University of Tasmania
Final Thesis - BADCOCK.pdf (1.81 MB)

John Wilkes and war: popular politics, empire and identity in Britain, c. 1756‑1787

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posted on 2024-06-24, 02:09 authored by Luke BadcockLuke Badcock

John Wilkes was the notorious squinting anti-hero of eighteenth-century British politics. Since his death in 1797, historians have tended to emphasise his colourful personal life at the expense of his political significance. However, more recent research has shown that Wilkes was highly influential to the evolution of popular politics and reform in the period, which was an important time in the development of the Westminster system of government and the rise of ‘out-of-doors’ politics. Moreover, a range of influential studies have recently demonstrated the impact of war on almost every aspect of eighteenth-century Britain. Yet both topics – Wilkes and war – have not been systematically investigated together. The aim of this thesis is to analyse both phenomena, focusing on Wilkes’s responses to the Seven Years War (1756-1763) and the American Revolution (1775-1783), which he saw as a British Civil War in north America.
This thesis focusses on Wilkes’s public discourse, including various publications and speeches. The principal findings are that Wilkes had a jingoist position on the Seven Years War that was driven by his commitment to a ‘blue-water’ foreign policy approach that emphasised expanding Britain’s empire overseas rather than its power on the continent. This was aimed at destroying France as an imperial competitor. Prima facie, Wilkes’s stance on the British Civil War in America seemed radically different. He opposed it as a ruinous civil war between Britons on both sides of the Atlantic, sympathised with the colonists, and appealed for conciliation. Yet there were themes that remained constant. First, he maintained his ‘blue-water’ imperial maximalism; the difference was in how this was to be achieved. During the Seven Years War it was imperial expansion through conflict with France, while during the British Civil War in America it was imperial maintenance through avoiding conflict and promoting conciliation, on the basis that Wilkes believed the war would lead to the loss of the colonies. Second, Wilkes advocated for the rights of Britons on both sides of the Atlantic guaranteed by the ‘Country Whig’ ideal of the balanced constitution of monarchy, aristocracy and the House of Commons, which guaranteed the rule of law and protections for freedom of speech, conscience, and property. Third, he promoted governmental accountability and representation. Fourth, Wilkes maintained a proto-libertarian view of the British state and its empire. Beyond these themes, for Wilkes, war and empire were inseparable concepts. Much of what he stated about one was in the context of the other.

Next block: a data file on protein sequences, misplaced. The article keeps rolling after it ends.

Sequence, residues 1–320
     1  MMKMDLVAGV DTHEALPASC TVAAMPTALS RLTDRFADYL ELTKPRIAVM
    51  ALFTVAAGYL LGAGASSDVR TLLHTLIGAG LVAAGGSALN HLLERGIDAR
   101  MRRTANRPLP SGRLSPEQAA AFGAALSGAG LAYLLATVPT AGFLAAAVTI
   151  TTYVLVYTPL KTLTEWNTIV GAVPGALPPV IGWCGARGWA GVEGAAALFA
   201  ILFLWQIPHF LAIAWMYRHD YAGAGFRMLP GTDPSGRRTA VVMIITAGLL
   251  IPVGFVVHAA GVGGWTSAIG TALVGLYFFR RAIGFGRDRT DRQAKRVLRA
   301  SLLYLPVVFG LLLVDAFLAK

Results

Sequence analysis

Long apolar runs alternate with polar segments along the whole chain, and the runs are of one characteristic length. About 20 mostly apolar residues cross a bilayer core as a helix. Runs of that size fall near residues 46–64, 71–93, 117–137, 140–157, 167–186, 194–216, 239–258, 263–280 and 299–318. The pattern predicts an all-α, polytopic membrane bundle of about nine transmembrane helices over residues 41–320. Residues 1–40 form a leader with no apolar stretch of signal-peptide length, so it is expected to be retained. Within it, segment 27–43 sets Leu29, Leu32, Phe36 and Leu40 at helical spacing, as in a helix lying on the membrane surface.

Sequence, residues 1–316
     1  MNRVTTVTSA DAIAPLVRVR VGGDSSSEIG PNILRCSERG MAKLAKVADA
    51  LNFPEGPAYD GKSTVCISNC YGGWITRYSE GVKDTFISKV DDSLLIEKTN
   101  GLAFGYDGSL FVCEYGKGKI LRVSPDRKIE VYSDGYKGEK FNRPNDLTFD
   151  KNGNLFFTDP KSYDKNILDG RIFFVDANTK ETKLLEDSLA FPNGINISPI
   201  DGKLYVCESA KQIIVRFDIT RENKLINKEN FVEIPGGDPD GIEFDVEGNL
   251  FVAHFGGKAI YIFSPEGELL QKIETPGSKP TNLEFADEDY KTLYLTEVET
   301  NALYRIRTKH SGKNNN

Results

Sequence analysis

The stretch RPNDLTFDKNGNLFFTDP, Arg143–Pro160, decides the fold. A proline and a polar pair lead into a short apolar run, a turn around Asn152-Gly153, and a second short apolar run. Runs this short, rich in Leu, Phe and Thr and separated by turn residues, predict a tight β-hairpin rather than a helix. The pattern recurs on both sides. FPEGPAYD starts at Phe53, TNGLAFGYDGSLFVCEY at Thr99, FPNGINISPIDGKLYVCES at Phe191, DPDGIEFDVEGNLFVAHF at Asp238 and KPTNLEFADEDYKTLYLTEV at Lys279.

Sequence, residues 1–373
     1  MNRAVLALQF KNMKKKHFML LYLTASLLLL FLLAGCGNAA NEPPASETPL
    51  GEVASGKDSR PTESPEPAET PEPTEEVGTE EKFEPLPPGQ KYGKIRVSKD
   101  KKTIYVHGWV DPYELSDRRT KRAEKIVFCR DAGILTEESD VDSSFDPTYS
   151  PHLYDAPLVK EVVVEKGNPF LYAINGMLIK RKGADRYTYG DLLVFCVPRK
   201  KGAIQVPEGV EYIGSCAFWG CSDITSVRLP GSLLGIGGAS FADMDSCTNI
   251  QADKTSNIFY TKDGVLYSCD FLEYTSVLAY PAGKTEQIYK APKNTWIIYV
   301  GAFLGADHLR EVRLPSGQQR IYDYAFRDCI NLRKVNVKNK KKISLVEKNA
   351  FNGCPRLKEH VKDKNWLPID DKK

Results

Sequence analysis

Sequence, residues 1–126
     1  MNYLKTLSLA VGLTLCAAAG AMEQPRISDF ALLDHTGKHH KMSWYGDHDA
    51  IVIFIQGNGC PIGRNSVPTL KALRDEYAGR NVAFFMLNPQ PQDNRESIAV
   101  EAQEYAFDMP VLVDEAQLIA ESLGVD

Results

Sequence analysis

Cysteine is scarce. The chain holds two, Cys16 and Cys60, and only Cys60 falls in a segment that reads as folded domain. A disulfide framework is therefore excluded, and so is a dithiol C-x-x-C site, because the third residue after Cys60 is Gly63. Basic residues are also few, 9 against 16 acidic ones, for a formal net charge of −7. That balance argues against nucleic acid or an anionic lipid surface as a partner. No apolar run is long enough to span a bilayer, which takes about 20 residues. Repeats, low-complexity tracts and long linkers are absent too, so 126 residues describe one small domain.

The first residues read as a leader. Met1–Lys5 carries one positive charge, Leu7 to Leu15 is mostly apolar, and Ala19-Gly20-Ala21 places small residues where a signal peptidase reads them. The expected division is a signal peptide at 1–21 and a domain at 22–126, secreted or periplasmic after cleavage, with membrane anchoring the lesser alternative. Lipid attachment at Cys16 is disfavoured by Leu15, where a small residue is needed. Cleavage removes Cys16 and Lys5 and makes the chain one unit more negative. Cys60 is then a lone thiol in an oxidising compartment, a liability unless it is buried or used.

Traditional studies of Wilkes focussed on domestic politics, while this thesis shows the significant role of war in his politics, and how his political career illustrates the significant impact of war on the development of late eighteenth-century Britain. Finally, this thesis demonstrates that Wilkes was an important figure not only for democratisation of politics in latter eighteenth-century Britain, but also for the democratisation of the politics of war..



  • PhD Thesis


vii, 276 pages


School of Humanities


University of Tasmania

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